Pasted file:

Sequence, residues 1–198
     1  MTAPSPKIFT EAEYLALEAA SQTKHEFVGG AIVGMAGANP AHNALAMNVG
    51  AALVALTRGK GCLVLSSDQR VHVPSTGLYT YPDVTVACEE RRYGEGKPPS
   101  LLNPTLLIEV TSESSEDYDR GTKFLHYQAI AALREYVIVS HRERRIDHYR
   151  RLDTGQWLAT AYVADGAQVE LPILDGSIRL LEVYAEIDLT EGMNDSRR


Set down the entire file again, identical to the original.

Sequence, residues 1–198
     1  MTAPSPKIFT EAEYLALEAA SQTKHEFVGG AIVGMAGANP AHNALAMNVG
    51  AALVALTRGK GCLVLSSDQR VHVPSTGLYT YPDVTVACEE RRYGEGKPPS
   101  LLNPTLLIEV TSESSEDYDR GTKFLHYQAI AALREYVIVS HRERRIDHYR
   151  RLDTGQWLAT AYVADGAQVE LPILDGSIRL LEVYAEIDLT EGMNDSRR